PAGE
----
“OMG, It’s Kim On Our Cover.”
Yes, those six silly words—accompanied by an eye-catching image of uber-entrepreneur Kim Kardashian—will grace this week’s cover of Adweek. The feature is pegged to Kardashian’s outrageously successful app, Kim Kardashian: Hollywood, which raked in $74 million last year, and is projected to make an estimated $200 million this year (Kim gets 45 percent of all revenues), her self-effacing T-Mobile commercial during this year’s Super Bowl, and the E! reality series Keeping Up with the Kardashians, which was recently re-signed to a reported 4-year, $100 million deal.
Kim, Adweek gushingly writes, has “entered that rare pantheon of mononymous celebrities” like “Madonna and Oprah, Pele and Plato.”
The main thrust of the piece focuses on Kim Kardashian: Hollywood, the addictive Glu Mobile app that launched last summer. According to Adweek, the game has collected 28 million downloads and 11 billion minutes of playing time—and has even led to embarrassing social media moments involving government employees.
Kim says that Glu Mobile approached her about the app just after she give birth to North West, and she brought the idea to her husband, Kanye West, who immediately green-lit it. “Oh my God, you have to do a video game? It's so cool,” Kanye told her.
Coincidentally, Kim was traveling to Mexico the day of the launch and one of the activities in the app, where you literally play as avatar Kim, is a Mexico vacation. Now, users actually live vicariously through Kim in the game, mimicking her real-life vacations. “Once I started posting pictures through Instagram that I was in Mexico, everyone was playing along [and saying], ‘I just updated my game, and I'm in Mexico with you,’” Kim said. “They would literally get a bikini like the one I had Instagrammed in a photo.”
She added, “People thought we were doing that on purpose and that it was planned, and it wasn't. We realized that it worked so well because we are in such good communication—myself and the Glu team—to make updates in real time. I try to tell them as far in advance of when I know I have a trip planned, and we try to get as many lifelike things that I'm actually doing to really happen in the game so you can play along with my real life.”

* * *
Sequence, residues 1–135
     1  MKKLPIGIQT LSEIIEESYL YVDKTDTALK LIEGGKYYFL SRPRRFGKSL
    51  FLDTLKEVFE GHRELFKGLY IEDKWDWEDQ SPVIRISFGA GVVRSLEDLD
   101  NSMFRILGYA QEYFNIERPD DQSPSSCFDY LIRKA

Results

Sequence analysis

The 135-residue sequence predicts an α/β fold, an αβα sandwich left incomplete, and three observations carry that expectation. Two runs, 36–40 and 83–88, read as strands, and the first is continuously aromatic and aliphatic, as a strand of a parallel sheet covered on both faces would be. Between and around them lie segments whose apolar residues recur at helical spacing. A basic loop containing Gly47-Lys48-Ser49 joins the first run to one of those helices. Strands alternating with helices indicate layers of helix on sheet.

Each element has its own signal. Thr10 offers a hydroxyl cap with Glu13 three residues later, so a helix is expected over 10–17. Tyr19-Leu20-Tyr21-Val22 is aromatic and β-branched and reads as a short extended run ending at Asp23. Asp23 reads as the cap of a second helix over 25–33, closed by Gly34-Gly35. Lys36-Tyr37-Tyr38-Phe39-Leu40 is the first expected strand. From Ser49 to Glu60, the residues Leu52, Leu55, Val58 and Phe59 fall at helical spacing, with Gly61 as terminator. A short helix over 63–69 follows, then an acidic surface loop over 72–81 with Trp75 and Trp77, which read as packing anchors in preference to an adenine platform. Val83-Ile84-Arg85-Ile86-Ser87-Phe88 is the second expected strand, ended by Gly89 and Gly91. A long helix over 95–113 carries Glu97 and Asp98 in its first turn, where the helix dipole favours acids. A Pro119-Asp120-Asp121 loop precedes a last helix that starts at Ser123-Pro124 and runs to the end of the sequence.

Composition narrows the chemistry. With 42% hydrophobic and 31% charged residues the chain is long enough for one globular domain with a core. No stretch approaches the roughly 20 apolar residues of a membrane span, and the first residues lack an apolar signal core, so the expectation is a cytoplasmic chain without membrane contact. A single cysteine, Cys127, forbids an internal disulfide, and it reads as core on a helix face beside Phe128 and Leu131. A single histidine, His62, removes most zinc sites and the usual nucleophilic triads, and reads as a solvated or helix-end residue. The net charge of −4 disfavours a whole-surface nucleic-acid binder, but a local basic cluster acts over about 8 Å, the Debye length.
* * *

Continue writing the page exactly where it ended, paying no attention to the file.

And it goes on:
The “mononymous” celebrity also touched on her upcoming book of selfies out this spring, which opens with “my first selfie in 1984” to the present. Kim also offers an explanation of sorts as to why she's addicted to taking (and sharing) selfies.
“So many people think that taking so many selfies is just ridiculous. For me, what's so funny is I love taking pictures and posting them on social media for memories. I genuinely love the glam of life and hair and makeup and all of that, so I love just sharing my life with people—that's who I've been. I live my life on a reality show. But sometimes people take it very seriously, or they think it's ridiculous. I'm kind of letting them know, yes, it is ridiculous, but it's all fun. I can look at a photo on social media and see a picture and know exactly where I was by the outfit I had on or who I was with. I take it more as a fun, emotional scrapbook that I love to look back on.”
It's no James Franco-penned New York Times essay, but there you have it.